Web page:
Speaking of trolling, Irish singing twin weirdos Jedward were quick off the mark when fellow Irishman Phil Hogan resigned as European trade commissioner, tweeting a picture of them standing behind an EU flag lectern. Two days earlier, Jedward had tweeted “We have more EU connections than some people! We did do Eurovision twice!” and got a ‘like’ from Commission President Ursula von der Leyen.

The heavily gelled singing twins have already made it clear that they don’t play golf, so maybe they have a chance at the Commission job.


“The remake of The Karate Kid looks rubbish.”

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Paul Dallison is POLITICO‘s slot news editor.

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Coronavirus update: WHO says efficacy of plasma therapy, touted by Donald Trump, still ‘inconclusive’, French nudists encouraged to cover up

The World Health Organization said using plasma from the recovered to treat COVID-19 is still considered an “experimental” therapy, following US President Donald Trump approving an emergency authorisation of convalescent plasma for coronavirus patients.

Meanwhile a French nudist resort has seen a sharp rise in infections, leading to nudists being told to cover up… their faces.

This story will be updated throughout Tuesday.

Tuesday’s key moments:

WHO cautious on COVID-19 plasma as US issues emergency authorisation

US President Donald Trump approved an emergency authorisation of convalescent plasma last week,(AP: Alex Brandon)

The World Health Organization says using plasma from the recovered to treat COVID-19 is still considered an “experimental” therapy and that the preliminary results showing it may work are still “inconclusive.”

Over the weekend, US President Donald Trump approved an emergency authorisation of convalescent plasma for COVID-19 patients.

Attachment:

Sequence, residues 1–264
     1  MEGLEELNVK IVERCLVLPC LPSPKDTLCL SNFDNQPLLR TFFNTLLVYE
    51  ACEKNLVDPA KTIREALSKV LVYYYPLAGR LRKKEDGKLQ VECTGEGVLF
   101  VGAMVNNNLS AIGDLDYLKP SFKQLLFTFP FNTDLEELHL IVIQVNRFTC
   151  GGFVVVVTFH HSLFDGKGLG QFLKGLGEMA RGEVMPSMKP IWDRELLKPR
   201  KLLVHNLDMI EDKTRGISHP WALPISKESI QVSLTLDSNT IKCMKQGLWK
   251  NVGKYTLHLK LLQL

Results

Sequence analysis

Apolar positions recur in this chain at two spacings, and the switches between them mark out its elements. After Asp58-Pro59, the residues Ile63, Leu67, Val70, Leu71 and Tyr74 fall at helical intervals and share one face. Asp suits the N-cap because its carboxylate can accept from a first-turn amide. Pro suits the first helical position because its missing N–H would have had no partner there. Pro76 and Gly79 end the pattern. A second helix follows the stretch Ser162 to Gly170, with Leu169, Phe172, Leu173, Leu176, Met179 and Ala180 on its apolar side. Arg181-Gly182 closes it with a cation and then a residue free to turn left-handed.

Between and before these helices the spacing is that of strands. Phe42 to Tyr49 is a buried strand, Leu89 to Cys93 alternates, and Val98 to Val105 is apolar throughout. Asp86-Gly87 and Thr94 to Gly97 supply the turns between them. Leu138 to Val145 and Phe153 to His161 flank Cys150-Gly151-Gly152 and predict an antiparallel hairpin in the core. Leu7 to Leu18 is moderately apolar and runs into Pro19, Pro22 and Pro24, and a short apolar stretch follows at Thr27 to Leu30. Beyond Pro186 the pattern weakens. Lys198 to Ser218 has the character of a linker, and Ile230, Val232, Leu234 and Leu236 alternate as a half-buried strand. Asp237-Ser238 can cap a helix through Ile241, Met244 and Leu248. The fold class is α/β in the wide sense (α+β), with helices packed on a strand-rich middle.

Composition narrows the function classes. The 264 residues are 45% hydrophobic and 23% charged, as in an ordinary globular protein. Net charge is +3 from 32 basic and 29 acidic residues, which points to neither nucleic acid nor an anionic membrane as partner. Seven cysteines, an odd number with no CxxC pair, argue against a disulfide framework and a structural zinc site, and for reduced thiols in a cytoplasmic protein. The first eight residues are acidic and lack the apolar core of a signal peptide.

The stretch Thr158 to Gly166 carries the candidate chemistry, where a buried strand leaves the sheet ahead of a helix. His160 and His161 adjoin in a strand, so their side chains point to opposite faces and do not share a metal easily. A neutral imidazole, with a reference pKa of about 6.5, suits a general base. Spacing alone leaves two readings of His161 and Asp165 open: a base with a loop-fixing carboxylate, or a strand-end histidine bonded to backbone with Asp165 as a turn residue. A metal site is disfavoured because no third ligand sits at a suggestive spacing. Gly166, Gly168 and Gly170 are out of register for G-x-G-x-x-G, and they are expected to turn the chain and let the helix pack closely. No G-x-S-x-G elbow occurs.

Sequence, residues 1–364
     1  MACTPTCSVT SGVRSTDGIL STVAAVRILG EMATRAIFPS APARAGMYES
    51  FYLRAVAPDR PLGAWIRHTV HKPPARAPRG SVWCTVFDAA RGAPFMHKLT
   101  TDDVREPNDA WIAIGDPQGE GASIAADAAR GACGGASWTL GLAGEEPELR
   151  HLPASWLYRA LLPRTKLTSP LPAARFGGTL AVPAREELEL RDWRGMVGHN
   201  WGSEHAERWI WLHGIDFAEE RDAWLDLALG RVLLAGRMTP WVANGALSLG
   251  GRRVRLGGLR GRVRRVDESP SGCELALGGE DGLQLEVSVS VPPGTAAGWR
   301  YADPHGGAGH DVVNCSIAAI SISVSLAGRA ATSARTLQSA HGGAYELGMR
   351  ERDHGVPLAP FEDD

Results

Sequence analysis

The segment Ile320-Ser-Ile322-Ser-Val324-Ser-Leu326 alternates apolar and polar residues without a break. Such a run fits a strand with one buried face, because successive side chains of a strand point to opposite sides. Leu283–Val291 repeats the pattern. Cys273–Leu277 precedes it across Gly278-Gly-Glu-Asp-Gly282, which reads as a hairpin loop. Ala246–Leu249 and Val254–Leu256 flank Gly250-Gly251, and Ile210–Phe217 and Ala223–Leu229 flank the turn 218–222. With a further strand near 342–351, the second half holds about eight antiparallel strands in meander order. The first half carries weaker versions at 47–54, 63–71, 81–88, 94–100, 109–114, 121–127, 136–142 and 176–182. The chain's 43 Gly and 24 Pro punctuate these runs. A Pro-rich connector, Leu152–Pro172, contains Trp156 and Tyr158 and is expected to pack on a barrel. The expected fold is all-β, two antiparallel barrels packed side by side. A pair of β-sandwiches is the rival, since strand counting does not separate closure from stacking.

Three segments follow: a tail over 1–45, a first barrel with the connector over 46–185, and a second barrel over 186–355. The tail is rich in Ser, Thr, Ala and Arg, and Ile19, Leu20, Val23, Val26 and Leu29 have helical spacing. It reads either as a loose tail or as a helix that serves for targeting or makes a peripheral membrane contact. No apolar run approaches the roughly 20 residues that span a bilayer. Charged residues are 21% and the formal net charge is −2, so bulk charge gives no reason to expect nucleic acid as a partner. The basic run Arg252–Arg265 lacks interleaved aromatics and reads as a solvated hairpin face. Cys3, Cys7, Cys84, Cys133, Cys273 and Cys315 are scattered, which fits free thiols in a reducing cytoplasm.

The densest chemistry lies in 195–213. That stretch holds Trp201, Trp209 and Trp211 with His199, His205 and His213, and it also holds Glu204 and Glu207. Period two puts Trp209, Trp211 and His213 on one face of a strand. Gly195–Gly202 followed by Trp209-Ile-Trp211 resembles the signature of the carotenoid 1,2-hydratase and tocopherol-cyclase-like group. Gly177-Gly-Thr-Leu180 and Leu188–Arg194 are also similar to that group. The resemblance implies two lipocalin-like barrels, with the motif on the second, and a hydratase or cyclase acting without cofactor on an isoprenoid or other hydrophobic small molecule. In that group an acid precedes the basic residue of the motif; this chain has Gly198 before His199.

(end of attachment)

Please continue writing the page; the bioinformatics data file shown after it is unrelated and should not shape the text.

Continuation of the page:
WHO’s chief scientist Dr Soumya Swaminathan said convalescent plasma therapy has been used in the last century to treat numerous infectious diseases, with varying levels of success.

Dr Swaminathan said the WHO still considers convalescent plasma therapy to be experimental but it should continue to be evaluated as studies have provided “low-quality evidence”.

She added that the treatment is difficult to standardise because people produce different levels of antibodies and plasma must be collected individually from recovered patients.

Dr Bruce Aylward, a senior adviser to WHO’s director-general, said that convalescent plasma therapy can come with numerous side effects, from a mild fever and chills to more severe lung-related injuries.

French nudist resort sees spike in infections

The gate to the Village Naturiste in Cap D'Agde, France.
Cap d’Agde is one of France’s oldest and biggest naturist resorts and draws tens of thousands of visitors per day in summer.(Wikimedia Commons: Martin Lindner)

A naturist resort on France’s Mediterranean coast has seen a sharp spike in coronavirus infections and nudists have been ordered to wear masks and practice social distancing, health authorities said.